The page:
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The Best 5 Anti-Inflammatory Drinks, According to Dietitians

January 23, 2023

Experts usually stress whole foods as the most important way to combat inflammation, and they certainly play a vital role in keeping your system happy and calm, but sometimes you just want to sip something gentle instead. Whether you’re experiencing digestive issues or you just aren’t looking for a snack, sometimes anti-inflammatory drinks are an easier choice.

Several natural ingredients have been shown in medical studies to reduce systemic inflammation. Here, we break down the best anti-inflammatory drinks recommended by dietitians, so you can sip wisely.

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Why opt for anti-inflammatory drinks?

Sometimes it can be beneficial to drink something anti-inflammatory, rather than eating it.

“Beverages may deliver nutrients quicker and be more convenient to consume than meals,” says Amy Davis, RD, LDN. “Including a variety of anti-inflammatory foods and drinks that fit your lifestyle and preferences is the ultimate goal.”

Johane M. Filemon, MS, RDN, in-house dietitian for Splendid Spoon, agrees. “Some anti-inflammatory compounds in foods require a high consumption of the food to get the benefits.”

That can make drinks a better option because a beverage may have high amounts of that compound extracted as a main ingredient, leading to a more concentrated amount of a vital chemical for reducing inflammation.

Read next: I’m an MD, And This Is My Anti-Inflammatory Morning Routine

drinking a warm cup of coffee cozy on the couch


Which anti-inflammatory drinks work the best?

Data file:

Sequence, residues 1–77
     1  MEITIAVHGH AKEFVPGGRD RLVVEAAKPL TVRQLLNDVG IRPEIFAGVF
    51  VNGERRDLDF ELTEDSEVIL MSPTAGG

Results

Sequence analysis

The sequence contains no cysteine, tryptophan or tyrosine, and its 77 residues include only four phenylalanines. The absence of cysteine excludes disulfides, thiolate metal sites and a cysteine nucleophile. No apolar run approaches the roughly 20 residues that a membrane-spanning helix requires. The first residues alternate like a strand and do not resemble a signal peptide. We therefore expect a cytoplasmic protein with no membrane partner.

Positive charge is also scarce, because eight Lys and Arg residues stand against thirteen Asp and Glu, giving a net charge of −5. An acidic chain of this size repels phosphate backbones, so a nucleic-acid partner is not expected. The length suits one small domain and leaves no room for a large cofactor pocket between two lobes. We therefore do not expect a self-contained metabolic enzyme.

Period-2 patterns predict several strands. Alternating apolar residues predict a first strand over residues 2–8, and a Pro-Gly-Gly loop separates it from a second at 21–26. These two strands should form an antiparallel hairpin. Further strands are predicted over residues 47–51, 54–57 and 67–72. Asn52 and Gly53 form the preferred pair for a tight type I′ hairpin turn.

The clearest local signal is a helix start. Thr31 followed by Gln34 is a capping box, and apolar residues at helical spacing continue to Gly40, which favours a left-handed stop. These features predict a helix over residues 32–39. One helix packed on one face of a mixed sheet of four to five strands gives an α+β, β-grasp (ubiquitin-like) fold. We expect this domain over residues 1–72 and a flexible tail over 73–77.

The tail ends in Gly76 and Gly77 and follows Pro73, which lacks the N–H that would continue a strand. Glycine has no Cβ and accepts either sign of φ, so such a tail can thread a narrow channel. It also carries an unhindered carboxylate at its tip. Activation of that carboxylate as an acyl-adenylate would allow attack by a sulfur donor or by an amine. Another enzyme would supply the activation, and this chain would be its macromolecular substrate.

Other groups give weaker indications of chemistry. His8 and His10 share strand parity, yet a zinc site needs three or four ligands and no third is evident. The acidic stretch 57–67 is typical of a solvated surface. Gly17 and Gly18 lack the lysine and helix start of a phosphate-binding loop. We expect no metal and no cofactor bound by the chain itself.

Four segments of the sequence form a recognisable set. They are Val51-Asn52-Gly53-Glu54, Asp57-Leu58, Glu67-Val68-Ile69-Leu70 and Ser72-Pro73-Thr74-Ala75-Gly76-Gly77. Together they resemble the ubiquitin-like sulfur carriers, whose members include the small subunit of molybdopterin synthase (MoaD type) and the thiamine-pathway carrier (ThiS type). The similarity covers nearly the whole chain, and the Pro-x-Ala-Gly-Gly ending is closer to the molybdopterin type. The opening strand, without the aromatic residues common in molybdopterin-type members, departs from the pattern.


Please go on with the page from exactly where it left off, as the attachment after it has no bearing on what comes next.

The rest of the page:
1. Bone broth

From improving immunity to its gelatin content helping with collagen synthesis, bone broth took the wellness world by storm years ago, and for great reasons. Personally, it turned me away from decades of vegetarianism and inspired my first book, which was a deep dive into the simple drink I saw transform countless clients’ lives.

“Bone broth serves as an excellent anti-inflammatory beverage for many reasons,” Davis says. “First off, it helps balance blood sugar, since it’s a nice source of protein and has no added sugar. Bone broth is also rich in the amino acid glycine, which combats inflammation and prevents the formation of free radicals.”

Additionally, she notes that bone broth is often available with additional ingredients to combat inflammation, such as turmeric and ginger.

2. Turmeric

No surprise here: Turmeric is well known for reducing pain and inflammation as well as over-the-counter remedies like aspirin.

“Turmeric should always be prepared with a little black pepper and a fat to increase absorption of the compound curcumin found in turmeric,” Filemon says.

Curcumin is believed to be the chief component for all that turmeric does — but often the main component works as well as it does because of its relationship to other compounds in the plant, so you may as well enjoy turmeric instead of taking curcumin on its own.

Read next: 25 Healthy Ways to Fight Inflammation

Turmeric can be added to food, of course, but it’s especially quick to consume in the form of a juice shot. Many brands cold-pressure process the little bottles so they keep for months refrigerated. If you want a slower beverage, the root can be sliced and boiled into tea, just like you would do with ginger.

3. Ginger